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Psychology (3,528)
PSY230H1 (115)
Lecture

Hans Eysenck

5 Pages
135 Views

Department
Psychology
Course Code
PSY230H1
Professor
Maja Djikic

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Description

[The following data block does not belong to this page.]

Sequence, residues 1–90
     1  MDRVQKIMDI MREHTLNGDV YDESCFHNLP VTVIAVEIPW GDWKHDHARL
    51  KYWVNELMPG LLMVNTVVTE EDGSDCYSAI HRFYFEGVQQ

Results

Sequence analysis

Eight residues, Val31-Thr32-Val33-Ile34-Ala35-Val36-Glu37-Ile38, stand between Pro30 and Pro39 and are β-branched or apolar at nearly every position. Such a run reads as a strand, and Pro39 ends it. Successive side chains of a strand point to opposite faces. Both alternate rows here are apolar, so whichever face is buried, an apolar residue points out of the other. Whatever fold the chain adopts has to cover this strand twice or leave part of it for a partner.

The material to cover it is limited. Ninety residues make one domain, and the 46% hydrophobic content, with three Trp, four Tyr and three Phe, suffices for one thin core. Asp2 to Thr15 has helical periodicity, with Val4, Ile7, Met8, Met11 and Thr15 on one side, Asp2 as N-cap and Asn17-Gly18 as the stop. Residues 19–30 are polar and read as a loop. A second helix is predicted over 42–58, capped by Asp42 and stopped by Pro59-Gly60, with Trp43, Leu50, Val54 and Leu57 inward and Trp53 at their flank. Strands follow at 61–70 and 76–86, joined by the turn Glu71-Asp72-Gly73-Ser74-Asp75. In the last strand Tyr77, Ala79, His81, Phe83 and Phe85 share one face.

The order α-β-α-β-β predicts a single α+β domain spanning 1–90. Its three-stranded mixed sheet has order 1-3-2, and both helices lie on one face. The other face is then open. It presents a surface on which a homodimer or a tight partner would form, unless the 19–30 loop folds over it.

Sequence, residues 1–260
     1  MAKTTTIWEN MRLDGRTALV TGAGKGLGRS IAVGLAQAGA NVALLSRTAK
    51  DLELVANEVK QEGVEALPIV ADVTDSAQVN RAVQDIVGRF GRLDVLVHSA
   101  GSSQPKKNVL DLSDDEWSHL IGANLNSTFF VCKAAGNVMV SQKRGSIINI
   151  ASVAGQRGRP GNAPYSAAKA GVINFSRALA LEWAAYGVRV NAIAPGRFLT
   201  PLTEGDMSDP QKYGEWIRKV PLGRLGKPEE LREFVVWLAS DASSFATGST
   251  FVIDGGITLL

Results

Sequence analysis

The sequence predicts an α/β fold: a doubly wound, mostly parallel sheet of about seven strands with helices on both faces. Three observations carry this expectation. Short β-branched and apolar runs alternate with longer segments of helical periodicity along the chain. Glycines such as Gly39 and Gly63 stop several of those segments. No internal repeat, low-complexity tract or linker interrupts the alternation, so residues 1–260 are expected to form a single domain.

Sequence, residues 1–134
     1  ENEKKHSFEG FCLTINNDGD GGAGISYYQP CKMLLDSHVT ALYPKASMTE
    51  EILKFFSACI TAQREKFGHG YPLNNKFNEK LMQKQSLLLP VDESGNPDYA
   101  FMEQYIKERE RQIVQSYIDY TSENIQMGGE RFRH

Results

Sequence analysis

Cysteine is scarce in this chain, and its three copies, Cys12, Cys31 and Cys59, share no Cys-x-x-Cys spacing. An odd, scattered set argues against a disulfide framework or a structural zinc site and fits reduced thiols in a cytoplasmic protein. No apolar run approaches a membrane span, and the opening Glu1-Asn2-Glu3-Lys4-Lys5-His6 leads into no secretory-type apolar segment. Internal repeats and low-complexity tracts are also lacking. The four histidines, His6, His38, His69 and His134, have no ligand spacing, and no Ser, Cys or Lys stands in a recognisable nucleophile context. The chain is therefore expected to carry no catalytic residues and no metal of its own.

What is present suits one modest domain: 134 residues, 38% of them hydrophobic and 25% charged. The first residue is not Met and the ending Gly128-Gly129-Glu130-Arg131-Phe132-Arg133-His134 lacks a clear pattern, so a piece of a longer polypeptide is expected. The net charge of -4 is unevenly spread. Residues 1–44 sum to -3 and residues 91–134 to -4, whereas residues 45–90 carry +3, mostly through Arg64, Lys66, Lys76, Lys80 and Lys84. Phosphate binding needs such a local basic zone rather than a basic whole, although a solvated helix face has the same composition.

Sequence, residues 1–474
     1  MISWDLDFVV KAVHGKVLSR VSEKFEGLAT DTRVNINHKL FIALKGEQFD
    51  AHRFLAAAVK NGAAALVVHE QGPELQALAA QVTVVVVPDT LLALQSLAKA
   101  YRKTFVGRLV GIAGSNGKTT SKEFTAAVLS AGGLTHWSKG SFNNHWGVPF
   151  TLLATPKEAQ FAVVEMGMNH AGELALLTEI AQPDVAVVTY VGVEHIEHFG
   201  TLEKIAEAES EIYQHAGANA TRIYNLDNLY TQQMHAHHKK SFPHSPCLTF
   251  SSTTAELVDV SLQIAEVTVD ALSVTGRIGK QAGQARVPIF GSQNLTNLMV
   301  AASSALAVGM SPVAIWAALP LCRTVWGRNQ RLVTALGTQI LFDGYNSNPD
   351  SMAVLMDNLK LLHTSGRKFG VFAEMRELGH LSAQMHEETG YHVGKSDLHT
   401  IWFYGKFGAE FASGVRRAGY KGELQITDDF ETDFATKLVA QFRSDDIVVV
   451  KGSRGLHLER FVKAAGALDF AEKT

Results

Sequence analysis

Hans EysenckWanted to go beyond the descriptive factor analytic concepts of Cattell and the Big Five Wanted to be able to test a model of personality Connected superfactors biological in nature and influenced by genetics they are orthogonal they have no further correlations that were identified through factor analysis with psychophysical entities arousal etcPsychology should be a rigorous scientific method BiographyBorn in GermanyWas influenced by the war Historical PredecessorsHippocrates suggested that personality could be classified according to a predominance of certain body fluids humors These reflected the four elements of the cosmos There was sanguine phlegmatic melancholic and choleric Immanuel Kant Popularized that doctrine of the four temperaments Organized them according to two basic comparisons feelings melancholic and sanguine and activity phlegmatic and choleric Jung extroversion and introversion Though Hans believed his contribution was ultimately negative due to an emphasis on spiritual things Ernest Kretschmer interested in normal personality types and their abnormal complements Best known for suggesting that people could be classificed on the basis of their body measurements Endomorphy Visceratonia Mesomorphy Somatotonia Ectomorphy Cerebrotonia Sheldon described individuals in terms of traits based on physiques and temperaments Helped in psychometric trait theory Constructing a Model of Personality People are biosocial animals Psychology was at the crossroads of this Focused on model of personality that had two distinct aspects 1 a description of personality derived from factor analytic studies and 2 causal analysis based on experimental tests of deductionsLaws of psychology though making general rules also need to reflect individual differences1 Hypothesize relationship between various personality traits2 Conduct factor analytic this tells us how many dimensions we need to accommodate items that are related to one another studies to identify clusters of traits that indicate underlying superfactors3 Construct biological theory to account for the behaviours associated with the underlying superfactors4 Generate hypothesis from the theory concerning specific testable psychophysical neurological or hormonal components5 conduct experimental studies to validate the theoretical prediction6 Revise the theory where needed in light of the experimental studies
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